Contributed by Sharon Butler / I had some questions for Laurie Fendrich and Peter Plagens — artists, writers, spouses who have a two-person exhibition of abstract paintings on view at Texas Gallery in Houston through December 16. After they were evicted from their Tribeca loft a couple years ago, they decamped to Litchfield County, where they both have studios in their home — a beautifully converted auto body shop. In her seventies, Fendrich is a Professor Emerita of Fine Arts and Art History at Hofstra University and is represented by Louis Stern Fine Arts in West Hollywood. After writing regularly for The Chronicle of Higher Education for many years, she now writes fiction and contributes art reviews to Two Coats of Paint. Plagens, in his eighties, is the art critic at The Wall Street Journal and is represented by Nancy Hoffman Gallery in New York. My interrogation about the evolution of their painting lives over the course of some fifty years started during an early morning text exchange that became so rich and resonant I asked if Two Coats of Paint could publish an expanded version.
Contributed by Leslie Wayne / If you meet Holly Miller on the street, you will encounter a warm, exuberant, emotionally expressive, and funny person who immediately pulls you into her space. You would not expect her art to be highly controlled, minimal, and geometric. Yet she has built her career on paintings that are just that – slightly irregular geometric shapes, flatly painted and intersected by lines sewn with thread. But Miller is now at a crossroads and her work is suddenly exploding outward, making room for new materials, chance encounters, and unpredictable forms. Perhaps, as with many artists, COVID has had something to do with this shift. Life seems a little more precious these days, and taking new aesthetic chances is a small way of asserting courage in the face of the unknown.
Contributed by Kari Adelaide Razdow / Daniel Giordano’s sculptures, some of them currently on view at MassMoCA and Visitor Center in Newburgh, NY, it is possible to decipher a deeply personal language ensconced in forms and symbols. His works defy easy classification while honoring memories that inhabit his industrially tinged studio in Newburgh, NY, once his family’s clothing factory. His freewheeling use of materials and evocative titles suggest a comprehensive embrace of sculpture as a repository of humor, narrative, and poetics, as well as a means of integration and rupture alike. There is a logic underpinning the wild combinations and ambiguous forms in his work. It resonates with echoes from the past and suggestions of the future, like a postcard from someone we have not yet met.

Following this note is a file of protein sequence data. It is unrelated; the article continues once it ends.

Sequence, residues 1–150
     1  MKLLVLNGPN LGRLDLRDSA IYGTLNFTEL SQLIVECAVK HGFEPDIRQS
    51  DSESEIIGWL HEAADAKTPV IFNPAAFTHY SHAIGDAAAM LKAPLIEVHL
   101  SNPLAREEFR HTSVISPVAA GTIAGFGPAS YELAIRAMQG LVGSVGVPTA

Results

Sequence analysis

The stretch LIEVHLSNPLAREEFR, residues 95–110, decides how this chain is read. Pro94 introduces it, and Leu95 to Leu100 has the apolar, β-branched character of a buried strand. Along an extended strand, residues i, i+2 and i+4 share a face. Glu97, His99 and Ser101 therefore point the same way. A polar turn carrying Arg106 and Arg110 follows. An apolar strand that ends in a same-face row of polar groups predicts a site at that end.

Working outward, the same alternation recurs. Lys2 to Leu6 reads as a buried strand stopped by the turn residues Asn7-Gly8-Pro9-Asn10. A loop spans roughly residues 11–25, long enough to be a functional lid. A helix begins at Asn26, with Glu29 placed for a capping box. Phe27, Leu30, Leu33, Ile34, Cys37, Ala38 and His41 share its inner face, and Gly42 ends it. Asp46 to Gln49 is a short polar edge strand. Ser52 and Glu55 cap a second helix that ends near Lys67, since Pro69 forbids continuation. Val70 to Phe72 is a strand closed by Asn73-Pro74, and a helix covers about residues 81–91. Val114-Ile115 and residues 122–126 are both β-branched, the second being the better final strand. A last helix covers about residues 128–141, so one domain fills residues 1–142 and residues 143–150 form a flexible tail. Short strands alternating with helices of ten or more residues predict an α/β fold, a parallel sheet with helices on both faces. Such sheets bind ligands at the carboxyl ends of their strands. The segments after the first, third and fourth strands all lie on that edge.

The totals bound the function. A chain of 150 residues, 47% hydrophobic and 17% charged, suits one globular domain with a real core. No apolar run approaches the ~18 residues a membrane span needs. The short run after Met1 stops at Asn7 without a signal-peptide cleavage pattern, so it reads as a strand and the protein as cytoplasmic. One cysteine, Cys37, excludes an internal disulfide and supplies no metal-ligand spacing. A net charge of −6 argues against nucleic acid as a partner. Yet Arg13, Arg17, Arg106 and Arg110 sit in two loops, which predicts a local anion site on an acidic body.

Contributed by Jason Andrew / Letha Wilson’s work reflects her persistent intention to unite two sometimes antagonistic processes: photography and sculpture. Over the last decade, she has expanded my (and no doubt others’) understanding of the potential visual and physical convergence of these two mediums. On the occasion of her completion of a Windgate Artist Residency at Purchase College and a solo exhibition at Higher Pictures, I asked Wilson five questions about her past and process.
Widely known as the talented producer and amusing host of the popular podcast Pep Talks for Artists, Amy Talluto uses the tagline “shuffling along the artist’s road.” We were curious about Amy’s own path in the studio, which has recently moved away from her beautiful, award-winning, landscape paintings to something […]
Contributed by Sharon Butler / In the early days of the Covid lockdown, Laura Dana Smith, a former organizer of Bushwick Open Studios, left Brooklyn and moved to Taos, New Mexico. I reached out to learn what Smith’s experience leaving Brooklyn and relocating in Taos has been like.
Contributed by Julia Kunin / On March 1, 2022, I reconnected with my friend the Hungarian artist Anita Kroo after reading that she and her family had taken in a refugee family from Ukraine. She told me about the experience. Anita Kroo: I remember when war broke out on Thursday, February […]
Contributed by Julia Kunin / On March 19, I had the opportunity to interview the Ukrainian artist Violetta Oliinyk. She has been working with her partner, artist Taras Polataiko, in Chernivtsi, Ukraine, sending medical supplies and protective gear to the civilian soldiers of Kyiv.
Contributed by Holly Coulis / This interview took place on February 13, 2022, on the occasion of the two-person show, “Erin O�Brien and Keiko Narahashi,” at 106 Green, in New York City.
Sharon Butler interviewed Louise Fishman, who passed away in July, for The Brooklyn Rail in October 2012. The interview, which was quoted in the New York Times’s obituary for Louise, is reprinted here.